Zhen Huang's Lab
Cortical neuron migration and laminar assembly
My lab is interested in several aspects of the development of the cerebral cortex. We are interested in how the different levels of organization in the cortex, from global to cellular and synaptic organization and from neural to vascular patterning, arise during normal development and how they may be affected in and contribute to brain neural and vascular diseases. To investigate how the exquisite layer organization of the cortex arises, we focus on the question of how the generation and migration of neurons and glia are regulated. We employ mouse genetics approaches and use tissue specific gene knockout technology to answer this question. Among the genes of interest to us is a gene involved in G protein coupled receptor (GPCR) signaling. We have found that mutation in this gene, ric-8a, which encodes a guanine nucleotide exchange factor (GEF) for heterotrimeric G proteins, results in cobblestone lissencephaly-like malformation in the cerebral cortex as well as lobule formation defects in the cerebellum. One of our goals is to use this mutation as an entry point to gain new insights into mechanisms by which cell-cell communication coordinates the complex process of brain development.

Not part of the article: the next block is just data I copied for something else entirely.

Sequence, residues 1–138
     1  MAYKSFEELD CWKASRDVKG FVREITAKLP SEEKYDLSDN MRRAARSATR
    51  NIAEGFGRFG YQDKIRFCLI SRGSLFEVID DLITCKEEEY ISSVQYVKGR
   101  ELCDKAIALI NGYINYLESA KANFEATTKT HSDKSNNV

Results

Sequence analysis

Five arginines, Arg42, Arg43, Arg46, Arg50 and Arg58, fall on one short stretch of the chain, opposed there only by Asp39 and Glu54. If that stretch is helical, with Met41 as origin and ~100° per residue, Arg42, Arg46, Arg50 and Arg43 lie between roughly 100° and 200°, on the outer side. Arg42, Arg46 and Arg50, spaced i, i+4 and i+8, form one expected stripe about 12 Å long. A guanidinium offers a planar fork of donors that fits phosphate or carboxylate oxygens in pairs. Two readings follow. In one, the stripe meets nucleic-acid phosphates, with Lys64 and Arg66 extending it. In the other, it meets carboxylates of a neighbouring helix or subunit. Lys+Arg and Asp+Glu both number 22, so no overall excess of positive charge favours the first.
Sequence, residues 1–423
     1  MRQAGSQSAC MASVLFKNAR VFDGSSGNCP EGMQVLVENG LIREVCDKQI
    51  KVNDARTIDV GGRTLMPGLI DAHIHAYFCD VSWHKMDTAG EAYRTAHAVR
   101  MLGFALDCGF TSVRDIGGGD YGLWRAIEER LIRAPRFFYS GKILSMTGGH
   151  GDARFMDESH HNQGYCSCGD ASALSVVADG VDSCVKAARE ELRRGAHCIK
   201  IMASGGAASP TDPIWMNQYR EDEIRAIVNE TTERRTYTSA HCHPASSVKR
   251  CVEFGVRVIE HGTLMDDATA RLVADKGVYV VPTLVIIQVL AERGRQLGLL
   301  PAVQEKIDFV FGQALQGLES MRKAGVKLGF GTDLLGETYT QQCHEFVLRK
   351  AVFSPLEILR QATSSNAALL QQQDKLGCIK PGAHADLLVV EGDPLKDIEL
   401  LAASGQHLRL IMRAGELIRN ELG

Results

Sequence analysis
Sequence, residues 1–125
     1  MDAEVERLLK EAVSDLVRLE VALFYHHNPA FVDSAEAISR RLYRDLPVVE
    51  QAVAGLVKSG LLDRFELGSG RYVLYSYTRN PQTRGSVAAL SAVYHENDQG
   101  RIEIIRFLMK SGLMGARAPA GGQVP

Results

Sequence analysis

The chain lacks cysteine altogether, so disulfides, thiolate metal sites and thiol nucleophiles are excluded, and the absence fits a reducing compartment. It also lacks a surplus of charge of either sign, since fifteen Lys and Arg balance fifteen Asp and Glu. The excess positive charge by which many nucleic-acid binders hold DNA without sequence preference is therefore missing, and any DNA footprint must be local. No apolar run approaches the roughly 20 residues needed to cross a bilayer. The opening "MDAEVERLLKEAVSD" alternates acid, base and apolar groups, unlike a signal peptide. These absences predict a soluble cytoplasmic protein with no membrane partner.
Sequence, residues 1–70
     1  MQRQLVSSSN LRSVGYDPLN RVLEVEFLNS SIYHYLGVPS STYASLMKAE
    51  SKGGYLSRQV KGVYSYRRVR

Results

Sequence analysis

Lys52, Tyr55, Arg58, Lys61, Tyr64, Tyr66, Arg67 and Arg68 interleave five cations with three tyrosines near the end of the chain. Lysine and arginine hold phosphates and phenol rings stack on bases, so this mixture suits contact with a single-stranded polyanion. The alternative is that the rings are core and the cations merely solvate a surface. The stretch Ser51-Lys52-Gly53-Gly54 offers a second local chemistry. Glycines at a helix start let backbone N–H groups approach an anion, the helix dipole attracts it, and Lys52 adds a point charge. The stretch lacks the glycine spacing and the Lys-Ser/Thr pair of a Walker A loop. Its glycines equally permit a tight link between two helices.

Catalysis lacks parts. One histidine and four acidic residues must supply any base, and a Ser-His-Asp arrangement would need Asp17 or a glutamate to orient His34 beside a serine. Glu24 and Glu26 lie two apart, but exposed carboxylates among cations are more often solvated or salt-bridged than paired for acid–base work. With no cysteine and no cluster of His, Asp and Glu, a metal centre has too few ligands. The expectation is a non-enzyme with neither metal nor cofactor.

The normal embryonic (E16.5) cortex contains a densely packed cortical plate underneath a cell-sparse marginal zone (Nuclear staining in green). A pial basement membrane (Laminin staining in red) enwraps the cortex on the surface. In ric-8a mutants, ectopic neurons are found at the pial surface, in association with breaks in the basement membrane, similar to phenotypes in type II (cobblestone) lissencephaly in humans.
Blood vessel development in the brain
To understand how blood vessel development in the brain is regulated, we focus on interactions between neural and vascular cells. Specifically, we have found that radial glia, neural progenitor cells in the developing brain, play an unexpected in regulating the stabilization of nascent blood vessels. In the absence of radial glia, newly formed blood vessels in the cortex become destabilized and eventually undergo regression. This provides a unique model to determine how new blood vessels in the brain are stabilized. One of our goals is to determine the identity of the signal(s) involved as well as the vascular genes regulated by radial glia. We are also interested in whether and how these genes may be involved in and contribute to brain neurovascular diseases.
Blood vessels (outlined in green) form a stereotypic network in the neonatal mouse cortex in normal control animals. In mutants where radial glial neural progenitors are ablated, many vessels undergo regression and are lost (see details in Ma et al. 2012 PLoS Biology).